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Stroke is the leading cause of adult disability in the United States

When the blood supply to the brain is disturbed due to either A) thrombosis (formation of blood clot inside a blood vessel), B) embolism (a free moving thrombosis), or C) hemorrhage (internal bleeding), a stroke can occur. This causes rapid deterioration of brain function, resulting in muscle weakness in the face, numbness on one side of the body, the inability to comprehend or formulate speech, and other reductions in sensory or vibratory sensation.

Stroke is the leading cause of adult disability in the United States and Europe, and is the third leading cause of death in the United States. It is estimated that nearly 700,000 people suffer a stroke each year, and it is also estimated that stroke-related care for the United States is $51 billion annually.

Stroke can cause neurological complications and death, and should be treated as a medical emergency. Hospitalization is absolutely necessary and should happen as quickly as possible. If the person suffering from a stroke can be treated quickly enough the blood clot may be dissolved and some of the stroke symptoms may be decreased or reversed. It is not uncommon for stroke patients to need surgery to save their lives.

Stroke is a sign of rapid loss of brain function due to the blood disturbance in the brain. If you see someone that exhibits the symptoms of stroke, call 911 right away. The most important things to notice are speech patterns, limb function and face muscles. Can the person smile? Do they exhibit facial drooping? Can they hold their arms out for ten seconds? Are they complaining of numbness? Can they understand you? Is their speech slurred? If any of these symptoms are present, you may be dealing with a stroke victim.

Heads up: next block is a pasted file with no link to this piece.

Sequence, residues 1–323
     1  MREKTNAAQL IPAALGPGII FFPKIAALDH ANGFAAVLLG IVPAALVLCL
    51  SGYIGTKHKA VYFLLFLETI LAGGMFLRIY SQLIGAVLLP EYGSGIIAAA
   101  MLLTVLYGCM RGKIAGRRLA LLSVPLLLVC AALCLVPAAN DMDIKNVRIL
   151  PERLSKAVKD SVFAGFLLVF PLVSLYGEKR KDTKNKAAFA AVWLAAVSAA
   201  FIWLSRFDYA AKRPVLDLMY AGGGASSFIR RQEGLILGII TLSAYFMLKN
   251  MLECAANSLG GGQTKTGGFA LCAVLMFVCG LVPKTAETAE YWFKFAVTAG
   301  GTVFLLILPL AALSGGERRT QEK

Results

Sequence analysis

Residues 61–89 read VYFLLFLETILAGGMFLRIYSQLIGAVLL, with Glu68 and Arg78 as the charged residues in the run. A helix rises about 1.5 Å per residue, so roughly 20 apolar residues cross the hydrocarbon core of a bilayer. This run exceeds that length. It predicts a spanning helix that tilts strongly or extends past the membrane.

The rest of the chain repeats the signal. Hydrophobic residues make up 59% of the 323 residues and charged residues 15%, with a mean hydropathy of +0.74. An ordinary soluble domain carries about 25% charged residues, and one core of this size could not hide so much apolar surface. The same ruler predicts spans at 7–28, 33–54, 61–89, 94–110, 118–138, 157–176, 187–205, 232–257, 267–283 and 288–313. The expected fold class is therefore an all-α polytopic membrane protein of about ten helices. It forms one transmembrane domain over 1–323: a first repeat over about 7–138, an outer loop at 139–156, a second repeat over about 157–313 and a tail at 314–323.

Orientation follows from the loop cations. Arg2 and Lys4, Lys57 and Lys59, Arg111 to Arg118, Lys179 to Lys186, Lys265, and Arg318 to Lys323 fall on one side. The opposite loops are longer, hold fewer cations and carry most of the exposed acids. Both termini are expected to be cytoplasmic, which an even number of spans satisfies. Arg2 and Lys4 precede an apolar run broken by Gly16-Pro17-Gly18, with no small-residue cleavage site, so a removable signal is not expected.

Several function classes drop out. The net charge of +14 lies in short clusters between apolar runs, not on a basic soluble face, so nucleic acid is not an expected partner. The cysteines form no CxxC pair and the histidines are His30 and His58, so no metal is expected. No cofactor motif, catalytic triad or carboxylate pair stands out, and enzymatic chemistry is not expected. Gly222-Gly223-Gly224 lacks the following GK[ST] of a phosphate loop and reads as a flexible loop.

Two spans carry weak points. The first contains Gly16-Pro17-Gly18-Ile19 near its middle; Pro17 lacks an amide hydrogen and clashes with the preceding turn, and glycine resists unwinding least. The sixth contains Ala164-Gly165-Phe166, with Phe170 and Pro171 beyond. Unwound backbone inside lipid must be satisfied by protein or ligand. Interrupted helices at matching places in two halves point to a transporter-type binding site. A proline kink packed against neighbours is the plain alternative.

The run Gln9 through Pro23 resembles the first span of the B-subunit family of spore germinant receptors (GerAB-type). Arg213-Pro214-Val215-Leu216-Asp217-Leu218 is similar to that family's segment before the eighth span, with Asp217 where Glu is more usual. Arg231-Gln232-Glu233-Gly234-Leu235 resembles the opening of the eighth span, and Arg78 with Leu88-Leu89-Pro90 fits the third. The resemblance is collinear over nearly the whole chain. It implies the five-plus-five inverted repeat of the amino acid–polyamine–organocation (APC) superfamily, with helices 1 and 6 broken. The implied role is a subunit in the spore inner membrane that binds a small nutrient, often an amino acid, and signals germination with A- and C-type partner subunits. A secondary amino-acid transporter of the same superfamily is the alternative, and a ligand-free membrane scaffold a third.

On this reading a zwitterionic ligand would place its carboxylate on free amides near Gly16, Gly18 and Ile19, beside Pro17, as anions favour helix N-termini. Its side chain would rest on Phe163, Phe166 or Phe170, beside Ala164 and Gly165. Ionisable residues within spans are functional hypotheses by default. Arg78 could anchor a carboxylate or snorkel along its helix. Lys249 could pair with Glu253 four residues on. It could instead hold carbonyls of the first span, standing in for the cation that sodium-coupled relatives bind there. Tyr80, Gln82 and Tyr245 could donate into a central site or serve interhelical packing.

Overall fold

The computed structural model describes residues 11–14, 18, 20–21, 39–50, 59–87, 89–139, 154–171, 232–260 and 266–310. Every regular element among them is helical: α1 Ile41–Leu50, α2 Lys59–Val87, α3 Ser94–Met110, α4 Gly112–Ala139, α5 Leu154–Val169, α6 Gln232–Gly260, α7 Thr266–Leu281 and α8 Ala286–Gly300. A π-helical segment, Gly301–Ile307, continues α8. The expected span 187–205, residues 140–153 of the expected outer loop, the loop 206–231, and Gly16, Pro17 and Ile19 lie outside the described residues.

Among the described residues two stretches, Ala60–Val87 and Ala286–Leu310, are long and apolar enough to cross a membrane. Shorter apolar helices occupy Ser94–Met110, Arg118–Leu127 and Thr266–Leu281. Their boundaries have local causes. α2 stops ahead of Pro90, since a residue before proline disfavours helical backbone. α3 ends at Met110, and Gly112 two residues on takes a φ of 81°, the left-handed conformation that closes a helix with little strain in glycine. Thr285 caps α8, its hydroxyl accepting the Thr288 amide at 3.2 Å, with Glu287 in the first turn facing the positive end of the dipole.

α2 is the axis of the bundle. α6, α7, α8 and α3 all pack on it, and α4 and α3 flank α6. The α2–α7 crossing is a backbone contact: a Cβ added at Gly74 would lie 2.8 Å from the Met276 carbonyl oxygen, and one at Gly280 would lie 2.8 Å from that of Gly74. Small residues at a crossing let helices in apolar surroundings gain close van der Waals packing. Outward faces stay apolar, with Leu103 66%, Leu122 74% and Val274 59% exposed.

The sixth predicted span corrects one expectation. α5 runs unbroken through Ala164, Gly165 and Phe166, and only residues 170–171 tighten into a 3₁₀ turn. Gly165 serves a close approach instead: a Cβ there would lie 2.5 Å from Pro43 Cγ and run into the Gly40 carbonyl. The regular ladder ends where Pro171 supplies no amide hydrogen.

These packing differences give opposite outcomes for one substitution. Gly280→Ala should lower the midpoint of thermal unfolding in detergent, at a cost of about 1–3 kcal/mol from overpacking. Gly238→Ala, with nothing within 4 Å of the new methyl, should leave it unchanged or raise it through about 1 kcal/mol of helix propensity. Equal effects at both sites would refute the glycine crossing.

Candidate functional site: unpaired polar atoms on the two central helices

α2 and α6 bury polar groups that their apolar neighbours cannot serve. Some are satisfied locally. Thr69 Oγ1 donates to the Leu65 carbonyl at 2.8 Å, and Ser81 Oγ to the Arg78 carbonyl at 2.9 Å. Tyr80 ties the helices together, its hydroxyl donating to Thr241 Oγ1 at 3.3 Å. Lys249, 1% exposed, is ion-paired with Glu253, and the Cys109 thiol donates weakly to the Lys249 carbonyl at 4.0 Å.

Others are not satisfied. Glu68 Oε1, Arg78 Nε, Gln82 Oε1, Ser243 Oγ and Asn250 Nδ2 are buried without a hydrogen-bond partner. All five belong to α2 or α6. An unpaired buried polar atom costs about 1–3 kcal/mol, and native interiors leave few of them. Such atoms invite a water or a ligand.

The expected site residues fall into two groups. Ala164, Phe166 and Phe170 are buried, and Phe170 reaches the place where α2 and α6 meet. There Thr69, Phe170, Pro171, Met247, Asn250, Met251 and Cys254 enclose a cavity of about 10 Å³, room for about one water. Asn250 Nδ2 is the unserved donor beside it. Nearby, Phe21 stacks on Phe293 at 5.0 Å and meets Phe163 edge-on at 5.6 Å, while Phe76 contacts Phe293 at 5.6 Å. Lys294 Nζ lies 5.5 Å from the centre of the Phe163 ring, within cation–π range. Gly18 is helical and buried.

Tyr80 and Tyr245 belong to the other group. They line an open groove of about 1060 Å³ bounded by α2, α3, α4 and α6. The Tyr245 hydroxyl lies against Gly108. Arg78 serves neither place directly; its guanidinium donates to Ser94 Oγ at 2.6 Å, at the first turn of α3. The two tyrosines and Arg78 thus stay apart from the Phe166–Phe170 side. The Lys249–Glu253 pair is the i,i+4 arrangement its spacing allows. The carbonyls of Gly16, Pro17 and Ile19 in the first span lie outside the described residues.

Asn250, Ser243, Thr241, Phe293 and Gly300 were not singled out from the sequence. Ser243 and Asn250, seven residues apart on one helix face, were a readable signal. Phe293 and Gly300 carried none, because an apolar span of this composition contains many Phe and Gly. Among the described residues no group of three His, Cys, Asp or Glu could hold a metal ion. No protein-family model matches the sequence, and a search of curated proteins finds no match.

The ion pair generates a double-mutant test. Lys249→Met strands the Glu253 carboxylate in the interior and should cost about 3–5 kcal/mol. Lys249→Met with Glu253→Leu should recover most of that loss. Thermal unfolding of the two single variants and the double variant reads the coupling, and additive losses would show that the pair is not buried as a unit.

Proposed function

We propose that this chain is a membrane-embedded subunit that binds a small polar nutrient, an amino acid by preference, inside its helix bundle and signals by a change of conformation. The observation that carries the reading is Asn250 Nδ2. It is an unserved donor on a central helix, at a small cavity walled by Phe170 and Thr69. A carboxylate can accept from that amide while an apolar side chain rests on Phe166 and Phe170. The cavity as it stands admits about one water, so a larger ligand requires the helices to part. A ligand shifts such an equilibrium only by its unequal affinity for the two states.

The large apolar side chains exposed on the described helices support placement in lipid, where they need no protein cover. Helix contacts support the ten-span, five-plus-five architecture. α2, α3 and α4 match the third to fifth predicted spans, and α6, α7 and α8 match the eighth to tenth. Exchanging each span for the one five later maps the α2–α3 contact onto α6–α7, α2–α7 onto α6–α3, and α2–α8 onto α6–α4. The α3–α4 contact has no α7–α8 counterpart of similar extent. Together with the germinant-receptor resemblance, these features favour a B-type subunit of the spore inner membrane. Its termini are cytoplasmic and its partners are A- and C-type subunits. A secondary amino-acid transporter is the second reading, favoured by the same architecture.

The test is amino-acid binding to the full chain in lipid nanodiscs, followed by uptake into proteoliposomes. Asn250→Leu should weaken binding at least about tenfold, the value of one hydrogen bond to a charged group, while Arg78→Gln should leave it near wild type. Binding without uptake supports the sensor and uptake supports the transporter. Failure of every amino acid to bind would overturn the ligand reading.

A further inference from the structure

Most strokes happen at age 65 or older, but not all. Stroke can happen at any age. Men are thought to have a higher risk for stroke until the age of 85. Women have strokes at older ages and have a higher percentage of disability following a stroke.

The following page discusses how disability claims involving stroke are determined. Excerpt: "When an individual files for disability on the basis of a stroke, the disability examiner will not make a medical disability determination until at least three months have passed since the stroke occurred."

Link: How Social Security evaluates stroke.

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For the sake of clarity, SSDRC.com is not the Social Security Administration, nor is it associated or affiliated with SSA. This site is a personal, private website that is published, edited, and maintained by former caseworker and former disability claims examiner, Tim Moore, who was interviewed by the New York Times on the topic of Social Security Disability and SSI benefits in an article entitled "The Disability Mess" and also by the Los Angeles Times on the subject of political attempts to weaken the Social Security Disability system.

The goal of the site is to provide information about how Social Security Disability and SSI work, the idea being that qualified information may help claimants pursue their claims and appeals, potentially avoiding time-consuming mistakes. If you find the information on this site helpful and believe it would be helpful to others, feel free to share links to its homepage or other pages on website resource pages, blogs, or social media. Copying of this material, however, is prohibited.

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